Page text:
45 IV. Concept 10.3 Calvin Cycle A. The Calvin cycle, like the citric acid cycle, regenerates its starting material after molecules enter and leave the cycle B. The cycle builds sugar from smaller molecules by using ATP and the reducing power of electrons carried by NADPH C. Requires ATP and NADPH from the light reaction D. Carbon enters the cycle as CO 2 and leaves as a sugar named glyceraldehyde-3-phospate (G3P) E. For synthesis of 1 G3P, the cycle must take place three times, fixing 3 molecules of CO 2 45

46 F. Three Phases of Calvin Cycle for each CO 2 1. Carbon Fixation Each CO 2 molecule is attached to a five-carbon sugar, ribulose bisphosphate (RuBP) This reaction is catalyzed by RuBP carboxylase, or rubisco which is probably the most abundant protein on Earth and is the most abundant protein in chloroplasts The six-carbon intermediate is unstable and splits in half to form two molecules of 3-phosphoglycerate for each CO 2 46

47 2. Reduction Couples ATP hydrolysis with reduction (pair of electrons donated by NADPH) of 3-phosphoglycerate to glyceraldehyde 3-phosphate (G3P) Requires 6 ATP and 6 NADPH 1 G3P exits the cycle to be used by the plant cell 3. Regeneration of CO 2 Acceptor (RuBP) 5 G3P are used to regenerate 3 RuBP Requires 3 ATP 47

48 G. Summary of the Calvin Cycle 1. To produce one G3P molecule requires: 9 ATP 6 NADPH 3 CO 2 2. G3P is the raw material used to synthesize glucose and other carbohydrates. 3. Two G3P molecules are needed to produce 1 glucose molecule. 4. It takes 18 ATP, 12 NADPH and 6 CO 2 to produce 1 glucose molecule. 48

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53 V. Concept 10.4 Alternative Mechanisms of Carbon Fixation Dehydration is a problem for plants, sometimes requiring trade-offs with other metabolic processes, especially photosynthesis On hot, dry days, plants close stomata, which conserves H 2 O but also limits photosynthesis The closing of stomata reduces access to CO 2 and causes O 2 to build up These conditions favor a seemingly wasteful process called photorespiration 53

54 A. Photorespiration: An Evolutionary Relic? 1. In most plants (C 3 plants), initial fixation of CO 2, via rubisco, forms a three-carbon compound 2. In photorespiration, rubisco adds O 2 instead of CO 2 in the Calvin cycle 3. Photorespiration consumes O 2 and organic fuel and releases CO 2 without producing ATP or sugar 4. Photorespiration may be an evolutionary relic because rubisco first evolved at a time when the atmosphere had far less O 2 and more CO 2 5. Photorespiration limits damaging products of light reactions that build up in the absence of the Calvin cycle 54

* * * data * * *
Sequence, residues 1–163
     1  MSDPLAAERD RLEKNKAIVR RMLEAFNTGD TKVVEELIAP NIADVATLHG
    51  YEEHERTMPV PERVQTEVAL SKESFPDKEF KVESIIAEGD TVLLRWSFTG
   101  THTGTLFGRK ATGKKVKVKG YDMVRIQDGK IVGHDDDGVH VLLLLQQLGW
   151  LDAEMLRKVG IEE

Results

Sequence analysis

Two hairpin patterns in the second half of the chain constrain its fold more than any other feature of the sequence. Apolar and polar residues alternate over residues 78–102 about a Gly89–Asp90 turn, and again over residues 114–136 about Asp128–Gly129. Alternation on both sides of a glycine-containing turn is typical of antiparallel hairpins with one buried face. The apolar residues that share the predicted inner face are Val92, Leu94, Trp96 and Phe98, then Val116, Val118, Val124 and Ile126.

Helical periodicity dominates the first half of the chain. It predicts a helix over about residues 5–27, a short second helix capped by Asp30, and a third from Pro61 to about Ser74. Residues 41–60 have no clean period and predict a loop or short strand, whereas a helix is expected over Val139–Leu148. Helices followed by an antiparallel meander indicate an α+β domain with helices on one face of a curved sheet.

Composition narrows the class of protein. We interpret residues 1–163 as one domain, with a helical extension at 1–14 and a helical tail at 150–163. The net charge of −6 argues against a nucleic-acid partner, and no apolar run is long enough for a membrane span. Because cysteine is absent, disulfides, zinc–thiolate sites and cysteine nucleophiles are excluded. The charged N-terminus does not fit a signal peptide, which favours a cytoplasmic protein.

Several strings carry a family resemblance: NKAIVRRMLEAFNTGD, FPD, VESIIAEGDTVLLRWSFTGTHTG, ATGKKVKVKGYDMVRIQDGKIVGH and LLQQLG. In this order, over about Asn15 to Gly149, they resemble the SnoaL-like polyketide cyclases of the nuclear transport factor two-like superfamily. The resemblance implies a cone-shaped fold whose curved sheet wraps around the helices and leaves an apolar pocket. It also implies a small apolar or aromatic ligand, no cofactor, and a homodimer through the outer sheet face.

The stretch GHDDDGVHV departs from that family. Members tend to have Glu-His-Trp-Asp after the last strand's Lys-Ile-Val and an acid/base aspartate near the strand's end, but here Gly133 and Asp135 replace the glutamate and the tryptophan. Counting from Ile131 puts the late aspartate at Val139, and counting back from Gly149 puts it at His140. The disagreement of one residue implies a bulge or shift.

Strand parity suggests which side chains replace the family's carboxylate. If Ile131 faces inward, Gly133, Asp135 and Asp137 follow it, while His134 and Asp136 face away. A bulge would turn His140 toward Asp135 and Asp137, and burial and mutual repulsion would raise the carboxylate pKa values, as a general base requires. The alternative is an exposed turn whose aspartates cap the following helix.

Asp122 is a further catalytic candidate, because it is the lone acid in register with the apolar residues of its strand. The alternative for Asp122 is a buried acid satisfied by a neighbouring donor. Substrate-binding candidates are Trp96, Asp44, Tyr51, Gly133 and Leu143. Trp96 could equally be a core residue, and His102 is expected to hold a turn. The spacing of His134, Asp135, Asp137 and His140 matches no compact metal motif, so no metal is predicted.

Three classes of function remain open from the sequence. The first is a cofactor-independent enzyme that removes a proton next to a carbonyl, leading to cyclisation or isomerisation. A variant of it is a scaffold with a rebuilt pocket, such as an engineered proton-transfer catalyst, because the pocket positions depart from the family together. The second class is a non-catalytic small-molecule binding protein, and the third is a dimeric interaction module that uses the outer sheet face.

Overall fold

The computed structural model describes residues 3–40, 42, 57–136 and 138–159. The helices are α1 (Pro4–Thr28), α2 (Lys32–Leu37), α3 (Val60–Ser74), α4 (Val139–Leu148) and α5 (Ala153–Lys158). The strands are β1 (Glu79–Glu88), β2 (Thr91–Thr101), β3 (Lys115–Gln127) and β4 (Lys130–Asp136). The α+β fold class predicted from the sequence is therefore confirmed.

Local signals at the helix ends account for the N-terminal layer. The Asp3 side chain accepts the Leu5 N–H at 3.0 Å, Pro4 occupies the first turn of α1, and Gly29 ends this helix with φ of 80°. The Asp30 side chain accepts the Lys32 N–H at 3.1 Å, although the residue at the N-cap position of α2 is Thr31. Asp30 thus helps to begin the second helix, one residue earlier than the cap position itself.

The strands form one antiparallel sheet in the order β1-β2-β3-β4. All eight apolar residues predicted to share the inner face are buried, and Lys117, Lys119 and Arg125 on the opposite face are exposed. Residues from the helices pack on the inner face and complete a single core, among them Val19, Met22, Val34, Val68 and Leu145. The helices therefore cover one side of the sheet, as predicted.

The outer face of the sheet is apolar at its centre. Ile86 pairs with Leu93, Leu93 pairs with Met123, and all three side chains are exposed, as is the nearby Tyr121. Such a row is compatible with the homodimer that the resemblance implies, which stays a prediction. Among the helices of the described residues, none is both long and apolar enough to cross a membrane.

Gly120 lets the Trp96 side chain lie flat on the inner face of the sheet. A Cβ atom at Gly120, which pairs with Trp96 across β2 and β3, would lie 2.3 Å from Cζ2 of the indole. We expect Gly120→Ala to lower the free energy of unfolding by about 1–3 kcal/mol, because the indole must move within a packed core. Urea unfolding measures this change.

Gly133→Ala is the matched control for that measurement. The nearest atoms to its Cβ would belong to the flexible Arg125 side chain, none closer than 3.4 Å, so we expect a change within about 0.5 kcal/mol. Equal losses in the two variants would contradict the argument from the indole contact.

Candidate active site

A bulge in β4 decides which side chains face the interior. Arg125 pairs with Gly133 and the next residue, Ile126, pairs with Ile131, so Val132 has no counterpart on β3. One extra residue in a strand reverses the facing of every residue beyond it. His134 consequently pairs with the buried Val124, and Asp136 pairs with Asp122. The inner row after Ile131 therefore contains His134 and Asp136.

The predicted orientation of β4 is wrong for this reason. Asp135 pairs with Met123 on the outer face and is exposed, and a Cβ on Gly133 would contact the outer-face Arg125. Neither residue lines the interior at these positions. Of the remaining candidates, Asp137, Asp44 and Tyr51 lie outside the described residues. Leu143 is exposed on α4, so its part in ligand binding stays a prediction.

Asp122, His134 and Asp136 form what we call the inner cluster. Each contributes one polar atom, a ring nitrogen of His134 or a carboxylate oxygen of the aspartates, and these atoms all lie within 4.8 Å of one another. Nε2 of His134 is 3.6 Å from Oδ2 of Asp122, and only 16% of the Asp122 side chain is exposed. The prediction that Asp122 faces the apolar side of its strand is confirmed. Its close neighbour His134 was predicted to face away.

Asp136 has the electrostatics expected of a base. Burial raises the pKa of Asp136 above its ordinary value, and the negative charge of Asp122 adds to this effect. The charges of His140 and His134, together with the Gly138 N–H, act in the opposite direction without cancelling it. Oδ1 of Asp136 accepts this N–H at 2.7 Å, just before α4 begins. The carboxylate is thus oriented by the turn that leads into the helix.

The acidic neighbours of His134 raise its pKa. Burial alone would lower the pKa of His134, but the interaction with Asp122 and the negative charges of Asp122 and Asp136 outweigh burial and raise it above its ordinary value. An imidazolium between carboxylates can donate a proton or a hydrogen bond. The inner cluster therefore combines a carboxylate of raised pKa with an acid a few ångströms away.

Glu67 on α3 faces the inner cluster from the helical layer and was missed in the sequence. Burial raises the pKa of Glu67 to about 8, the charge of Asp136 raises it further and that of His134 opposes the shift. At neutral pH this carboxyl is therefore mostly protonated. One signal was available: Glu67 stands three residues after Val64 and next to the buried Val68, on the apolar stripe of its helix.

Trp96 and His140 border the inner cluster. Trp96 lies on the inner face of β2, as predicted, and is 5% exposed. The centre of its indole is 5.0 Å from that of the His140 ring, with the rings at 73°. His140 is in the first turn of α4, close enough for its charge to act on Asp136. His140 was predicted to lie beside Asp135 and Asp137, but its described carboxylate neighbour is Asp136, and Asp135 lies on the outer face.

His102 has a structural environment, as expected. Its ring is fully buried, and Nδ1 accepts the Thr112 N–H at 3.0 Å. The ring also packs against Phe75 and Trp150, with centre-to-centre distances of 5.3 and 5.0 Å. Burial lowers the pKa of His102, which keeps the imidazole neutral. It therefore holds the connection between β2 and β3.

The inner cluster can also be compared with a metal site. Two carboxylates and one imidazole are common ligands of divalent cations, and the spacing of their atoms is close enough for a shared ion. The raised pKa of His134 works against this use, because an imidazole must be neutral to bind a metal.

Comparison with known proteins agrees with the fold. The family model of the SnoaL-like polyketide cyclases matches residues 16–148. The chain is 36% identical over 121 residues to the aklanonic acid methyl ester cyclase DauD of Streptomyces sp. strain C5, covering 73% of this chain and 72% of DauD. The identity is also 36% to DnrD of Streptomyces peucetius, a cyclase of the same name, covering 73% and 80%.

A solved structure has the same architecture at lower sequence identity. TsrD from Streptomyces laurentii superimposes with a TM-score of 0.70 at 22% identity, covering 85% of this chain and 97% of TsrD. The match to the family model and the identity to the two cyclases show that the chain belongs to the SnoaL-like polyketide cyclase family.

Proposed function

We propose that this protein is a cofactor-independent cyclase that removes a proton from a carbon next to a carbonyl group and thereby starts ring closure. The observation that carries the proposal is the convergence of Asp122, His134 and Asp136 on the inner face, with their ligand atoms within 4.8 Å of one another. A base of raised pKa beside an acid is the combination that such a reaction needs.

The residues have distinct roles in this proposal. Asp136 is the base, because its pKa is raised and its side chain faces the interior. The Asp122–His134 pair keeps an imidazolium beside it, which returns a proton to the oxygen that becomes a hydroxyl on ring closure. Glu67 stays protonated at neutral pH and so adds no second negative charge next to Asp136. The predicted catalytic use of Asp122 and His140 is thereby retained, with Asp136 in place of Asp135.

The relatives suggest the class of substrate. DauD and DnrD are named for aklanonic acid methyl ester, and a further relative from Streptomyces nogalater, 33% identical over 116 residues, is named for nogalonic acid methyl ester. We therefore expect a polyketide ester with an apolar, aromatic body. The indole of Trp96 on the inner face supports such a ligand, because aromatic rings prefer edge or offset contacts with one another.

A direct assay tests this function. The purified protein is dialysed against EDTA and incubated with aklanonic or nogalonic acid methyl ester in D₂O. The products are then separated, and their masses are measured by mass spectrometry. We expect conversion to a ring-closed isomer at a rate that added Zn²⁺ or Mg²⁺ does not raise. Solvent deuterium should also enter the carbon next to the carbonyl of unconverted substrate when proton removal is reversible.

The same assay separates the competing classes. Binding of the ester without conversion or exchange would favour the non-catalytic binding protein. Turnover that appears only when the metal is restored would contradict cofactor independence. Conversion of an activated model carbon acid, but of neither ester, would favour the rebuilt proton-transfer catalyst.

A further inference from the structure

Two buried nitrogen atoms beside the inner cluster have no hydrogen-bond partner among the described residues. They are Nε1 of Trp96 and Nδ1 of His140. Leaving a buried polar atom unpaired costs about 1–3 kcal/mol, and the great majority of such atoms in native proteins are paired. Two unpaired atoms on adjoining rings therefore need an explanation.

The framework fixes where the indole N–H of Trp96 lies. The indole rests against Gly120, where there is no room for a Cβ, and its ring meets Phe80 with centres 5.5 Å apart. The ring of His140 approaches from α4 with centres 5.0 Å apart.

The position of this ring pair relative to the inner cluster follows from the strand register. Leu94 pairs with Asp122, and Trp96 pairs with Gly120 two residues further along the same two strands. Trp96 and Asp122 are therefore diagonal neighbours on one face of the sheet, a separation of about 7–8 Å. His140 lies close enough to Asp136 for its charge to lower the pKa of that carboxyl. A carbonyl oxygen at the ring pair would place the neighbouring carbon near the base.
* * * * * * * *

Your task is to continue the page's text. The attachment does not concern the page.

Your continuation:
55 6. In many plants, photorespiration is a problem because on a hot, dry day it can drain as much as 50% of the carbon fixed by the Calvin cycle 7. The two most important photosynthetic adaptations are C 4 photosynthesis and CAM B. C 4 Plants 1. C 4 plants minimize the cost of photorespiration by incorporating CO 2 into four-carbon compounds in mesophyll cells 2. This step requires the enzyme PEP carboxylase 3. PEP carboxylase has a higher affinity for CO 2 than rubisco does; it can fix CO 2 even when CO 2 concentrations are low 55

56 4. These four-carbon compounds are exported to bundle-sheath cells, where they release CO 2 that is then used in the Calvin cycle 5. Adaptive process which enhances carbon fixation under conditions that favor photorespiration (hot, arid) 6. Occurs in corn, sugarcane, agricultural grasses 56

57 C 4 Leaf Anatomy 57

58 C. CAM Plants 1. Some plants, including succulents, use crassulacean acid metabolism (CAM ) to fix carbon 2. CAM plants open their stomata at night, incorporating CO 2 into organic acids 3. Stomata close during the day, and CO 2 is released from organic acids and used in the Calvin cycle 58

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60 D. The Importance of Photosynthesis: A Review 1. The energy entering chloroplasts as sunlight gets stored as chemical energy in organic compounds 2. Sugar made in the chloroplasts supplies chemical energy and carbon skeletons to synthesize the organic molecules of cells 3. Plants store excess sugar as starch in structures such as roots, tubers, seeds, and fruits 4. In addition to food production, photosynthesis produces the O 2 in our atmosphere 5. 50% for cellular respiration 6. Sucrose—transport form of carbohydrate 60

61 Overview of Photosynthesis 61

62 E. Comparison of CR and PS Cellular RespirationPhotosynthesis Exergonic redox processEndergonic redox process Energy released from oxidation of sugar Energy required to reduce CO 2 Electrons from sugar’s H + lose potential energy in ETC as transported to O 2 forming water Light is energy source that boost potential energy of e- as they move from water to sugar Produces ATPProduces sugar 62

63 You should now be able to: 1. Describe the structure of a chloroplast 2. Describe the relationship between an action spectrum and an absorption spectrum 3. Trace the movement of electrons in linear electron flow 4. Trace the movement of electrons in cyclic electron flow 5. Describe the similarities and differences between oxidative phosphorylation in mitochondria and photophosphorylation in chloroplasts 5.Describe the role of ATP and NADPH in the Calvin cycle 6.Describe the major consequences of photorespiration 7.Describe two important photosynthetic adaptations that minimize photorespiration 63